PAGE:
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Old 27th March 2013, 12:47 PM   #91
msdin is online now msdin  United Kingdom
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Berger Lahr stepper motors these may be better than the Rapid Electronics motor.

http://download.schneider-electric.c...1150300579.pdf
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Old 27th March 2013, 02:59 PM   #92
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I choose the Rapid one as it looked so much like the expensive Airpax in terms of size and power ( Philips etc , Older Linn and Rega ) . The most interesting point is the generic nature of all and the fundamental limitations ( distrotion ) . Did anyone try a motor with smaller stepping angle at 50/60 Hz ?
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Old 28th March 2013, 03:36 PM   #93
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This type of drive has often been used for synchronous motors . It is under biased class B . Linn Valhalla and Thoren's TD125 come to mind . I have often wondered about this so decided to give it a try . I doubt it took 20 minutes to do ( no PCB ) .

The distortion is not too bad at all . It has extended harmonics right up to 1 kHz due to the notching . Some of what is seen would be less with a low distortion oscillator . The circuit is exactly as shown . It should run quite well from a NE5532 as oscillator .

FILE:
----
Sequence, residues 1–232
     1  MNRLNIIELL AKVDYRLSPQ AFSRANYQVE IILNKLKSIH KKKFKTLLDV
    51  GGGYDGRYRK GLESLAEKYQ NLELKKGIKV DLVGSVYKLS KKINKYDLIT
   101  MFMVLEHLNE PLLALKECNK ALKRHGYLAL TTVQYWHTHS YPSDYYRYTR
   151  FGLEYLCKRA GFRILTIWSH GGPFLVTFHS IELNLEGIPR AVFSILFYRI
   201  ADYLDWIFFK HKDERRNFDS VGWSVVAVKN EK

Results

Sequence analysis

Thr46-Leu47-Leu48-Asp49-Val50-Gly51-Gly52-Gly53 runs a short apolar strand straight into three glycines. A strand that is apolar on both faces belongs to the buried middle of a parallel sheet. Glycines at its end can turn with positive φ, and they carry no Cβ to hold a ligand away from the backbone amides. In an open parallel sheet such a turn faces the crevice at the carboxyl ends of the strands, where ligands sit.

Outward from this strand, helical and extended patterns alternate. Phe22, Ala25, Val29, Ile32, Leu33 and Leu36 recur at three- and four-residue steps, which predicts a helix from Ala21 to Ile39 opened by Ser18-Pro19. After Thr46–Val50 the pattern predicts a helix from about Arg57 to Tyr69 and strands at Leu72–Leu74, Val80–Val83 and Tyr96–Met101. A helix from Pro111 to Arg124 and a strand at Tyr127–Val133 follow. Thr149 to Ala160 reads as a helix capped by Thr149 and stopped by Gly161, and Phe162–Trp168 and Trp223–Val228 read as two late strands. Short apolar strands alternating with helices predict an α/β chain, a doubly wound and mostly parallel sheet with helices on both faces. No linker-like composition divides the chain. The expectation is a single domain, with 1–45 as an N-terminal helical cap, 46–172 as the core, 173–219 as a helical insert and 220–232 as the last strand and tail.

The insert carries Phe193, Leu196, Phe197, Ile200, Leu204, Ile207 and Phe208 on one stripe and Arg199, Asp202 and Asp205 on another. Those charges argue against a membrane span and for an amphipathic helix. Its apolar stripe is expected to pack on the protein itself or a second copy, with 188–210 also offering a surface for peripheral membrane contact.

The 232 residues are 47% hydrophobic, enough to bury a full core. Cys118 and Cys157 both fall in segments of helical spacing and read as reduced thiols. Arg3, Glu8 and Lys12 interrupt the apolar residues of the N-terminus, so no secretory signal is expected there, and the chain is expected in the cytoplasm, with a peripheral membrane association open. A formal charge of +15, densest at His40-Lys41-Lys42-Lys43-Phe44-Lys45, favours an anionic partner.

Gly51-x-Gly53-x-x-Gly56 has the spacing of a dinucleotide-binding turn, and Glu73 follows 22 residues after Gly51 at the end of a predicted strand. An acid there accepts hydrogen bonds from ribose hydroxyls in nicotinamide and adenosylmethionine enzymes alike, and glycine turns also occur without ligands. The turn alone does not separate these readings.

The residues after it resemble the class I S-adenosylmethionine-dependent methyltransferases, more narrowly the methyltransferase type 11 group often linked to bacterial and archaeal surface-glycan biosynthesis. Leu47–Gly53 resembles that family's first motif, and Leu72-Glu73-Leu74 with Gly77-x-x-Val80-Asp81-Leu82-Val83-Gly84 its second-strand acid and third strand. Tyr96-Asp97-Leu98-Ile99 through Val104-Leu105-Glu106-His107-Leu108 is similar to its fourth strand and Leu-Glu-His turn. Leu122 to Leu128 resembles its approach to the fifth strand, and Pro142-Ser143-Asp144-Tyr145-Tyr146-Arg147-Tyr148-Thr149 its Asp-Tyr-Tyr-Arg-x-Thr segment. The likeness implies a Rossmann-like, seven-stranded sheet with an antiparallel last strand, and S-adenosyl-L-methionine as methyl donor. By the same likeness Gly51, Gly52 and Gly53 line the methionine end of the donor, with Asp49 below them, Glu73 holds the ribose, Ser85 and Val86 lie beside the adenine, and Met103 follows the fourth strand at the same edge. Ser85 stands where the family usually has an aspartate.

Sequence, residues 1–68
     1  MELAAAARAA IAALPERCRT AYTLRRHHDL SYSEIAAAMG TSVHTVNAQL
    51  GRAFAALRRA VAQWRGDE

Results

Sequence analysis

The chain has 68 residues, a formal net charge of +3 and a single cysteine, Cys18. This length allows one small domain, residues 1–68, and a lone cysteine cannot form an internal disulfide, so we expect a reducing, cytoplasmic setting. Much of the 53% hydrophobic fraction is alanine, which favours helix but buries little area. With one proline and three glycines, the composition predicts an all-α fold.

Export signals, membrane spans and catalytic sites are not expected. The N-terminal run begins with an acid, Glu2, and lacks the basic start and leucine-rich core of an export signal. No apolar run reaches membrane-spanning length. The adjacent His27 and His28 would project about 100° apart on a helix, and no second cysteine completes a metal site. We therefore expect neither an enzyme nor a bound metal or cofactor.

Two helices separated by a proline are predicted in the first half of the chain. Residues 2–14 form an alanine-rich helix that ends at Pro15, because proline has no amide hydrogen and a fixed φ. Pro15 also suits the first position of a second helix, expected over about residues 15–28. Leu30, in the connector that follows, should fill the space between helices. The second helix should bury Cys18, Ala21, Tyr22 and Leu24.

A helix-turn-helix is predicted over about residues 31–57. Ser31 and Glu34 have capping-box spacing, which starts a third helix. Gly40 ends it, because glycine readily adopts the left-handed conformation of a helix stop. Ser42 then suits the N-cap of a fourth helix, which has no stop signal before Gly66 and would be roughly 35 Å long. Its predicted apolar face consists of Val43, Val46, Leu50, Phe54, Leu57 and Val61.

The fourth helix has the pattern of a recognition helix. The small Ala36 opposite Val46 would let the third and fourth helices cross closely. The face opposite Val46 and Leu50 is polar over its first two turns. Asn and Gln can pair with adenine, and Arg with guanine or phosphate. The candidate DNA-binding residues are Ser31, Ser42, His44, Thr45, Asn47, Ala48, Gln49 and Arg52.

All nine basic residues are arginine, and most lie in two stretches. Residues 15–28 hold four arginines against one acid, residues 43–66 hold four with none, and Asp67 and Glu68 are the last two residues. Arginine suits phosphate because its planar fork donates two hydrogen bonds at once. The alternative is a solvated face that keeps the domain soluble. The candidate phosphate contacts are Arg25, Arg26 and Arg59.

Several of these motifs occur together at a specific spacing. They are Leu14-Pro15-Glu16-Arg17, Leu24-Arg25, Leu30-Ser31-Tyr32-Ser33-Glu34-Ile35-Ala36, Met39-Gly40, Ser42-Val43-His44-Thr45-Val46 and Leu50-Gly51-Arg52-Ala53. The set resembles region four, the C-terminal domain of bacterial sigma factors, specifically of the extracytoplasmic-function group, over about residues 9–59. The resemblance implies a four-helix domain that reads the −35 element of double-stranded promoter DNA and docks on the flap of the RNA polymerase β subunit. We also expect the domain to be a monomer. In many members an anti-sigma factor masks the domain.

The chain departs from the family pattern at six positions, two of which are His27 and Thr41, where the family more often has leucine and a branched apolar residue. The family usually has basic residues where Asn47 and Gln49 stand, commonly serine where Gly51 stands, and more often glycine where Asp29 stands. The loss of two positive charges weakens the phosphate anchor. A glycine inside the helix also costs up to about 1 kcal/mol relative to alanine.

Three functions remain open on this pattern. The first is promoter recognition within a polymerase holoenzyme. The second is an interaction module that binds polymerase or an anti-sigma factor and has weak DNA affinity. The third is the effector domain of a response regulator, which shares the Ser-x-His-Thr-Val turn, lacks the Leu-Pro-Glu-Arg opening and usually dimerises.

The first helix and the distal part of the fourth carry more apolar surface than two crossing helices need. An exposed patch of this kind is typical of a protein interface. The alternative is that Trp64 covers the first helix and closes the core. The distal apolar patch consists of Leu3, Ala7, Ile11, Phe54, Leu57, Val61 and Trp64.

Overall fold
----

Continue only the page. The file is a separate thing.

The 10 uf somewhat surprisingly is hopeless . It suggests a different value would be better .

As an addition to a Quadrature oscillator it might be better than many would think ( 4 transistors ) . The un-heatsinked transistors were not even warm .
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Old 28th March 2013, 06:35 PM   #94
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The drive board for the Phonosophie No.3 uses a Quadrature oscillator with a zener agc which then feeds 2 H-bridge amplifiers to supply the 2 motor windings. The transistors in the H-bridge are TO92 packages.
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Old 29th March 2013, 06:05 AM   #95
nezbleu is online now nezbleu  Canada
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For this sort of circuit (and synchronous motors) is there a way t determine the required value of the series capacitor to get 90deg phase shift at frequency F? I know the DC resistance of the coil is a factor, but I assume the effective impedance of the motor winding at F, based on its DCR and its inductance, would both effect the required capacitance to achieve 90deg phase shift.

I ask about this because I am installing an older Thorens 16-pole motor intoa anothe Thorens turntable, which has a different value cap than I expected. Is there a formua whereby I can guesstimate the right value of C, without access to a 'scope?

Thanks. (and sorry for the hijack)
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Old 29th March 2013, 10:52 AM   #96
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I tried to work out the phase shift . The reality says trial and error is best . My reverse engineering solution suggests when voltages are equal it is likely to be approximately correct . As you can see when phase 2 ( orange ) is so distorted as in my last example , it is anyone's guess what " roughly equal " is . Vibration and torque ( finger test ) says plenty , better when the motor is off of the turntable ( be careful if high voltage ) .